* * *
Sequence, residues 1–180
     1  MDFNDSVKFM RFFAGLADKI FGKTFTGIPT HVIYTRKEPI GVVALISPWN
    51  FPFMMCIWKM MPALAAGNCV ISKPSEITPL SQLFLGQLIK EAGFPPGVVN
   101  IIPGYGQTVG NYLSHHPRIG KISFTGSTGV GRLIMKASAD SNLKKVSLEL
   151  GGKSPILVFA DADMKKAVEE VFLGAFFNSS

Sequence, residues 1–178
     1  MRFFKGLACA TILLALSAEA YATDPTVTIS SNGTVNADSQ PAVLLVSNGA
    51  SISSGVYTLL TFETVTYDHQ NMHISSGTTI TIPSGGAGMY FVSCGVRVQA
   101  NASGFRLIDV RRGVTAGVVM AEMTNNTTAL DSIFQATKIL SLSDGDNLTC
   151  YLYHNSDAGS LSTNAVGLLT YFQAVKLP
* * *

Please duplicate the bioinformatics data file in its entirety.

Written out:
Sequence, residues 1–180
     1  MDFNDSVKFM RFFAGLADKI FGKTFTGIPT HVIYTRKEPI GVVALISPWN
    51  FPFMMCIWKM MPALAAGNCV ISKPSEITPL SQLFLGQLIK EAGFPPGVVN
   101  IIPGYGQTVG NYLSHHPRIG KISFTGSTGV GRLIMKASAD SNLKKVSLEL
   151  GGKSPILVFA DADMKKAVEE VFLGAFFNSS

Sequence, residues 1–178
     1  MRFFKGLACA TILLALSAEA YATDPTVTIS SNGTVNADSQ PAVLLVSNGA
    51  SISSGVYTLL TFETVTYDHQ NMHISSGTTI TIPSGGAGMY FVSCGVRVQA
   101  NASGFRLIDV RRGVTAGVVM AEMTNNTTAL DSIFQATKIL SLSDGDNLTC
   151  YLYHNSDAGS LSTNAVGLLT YFQAVKLP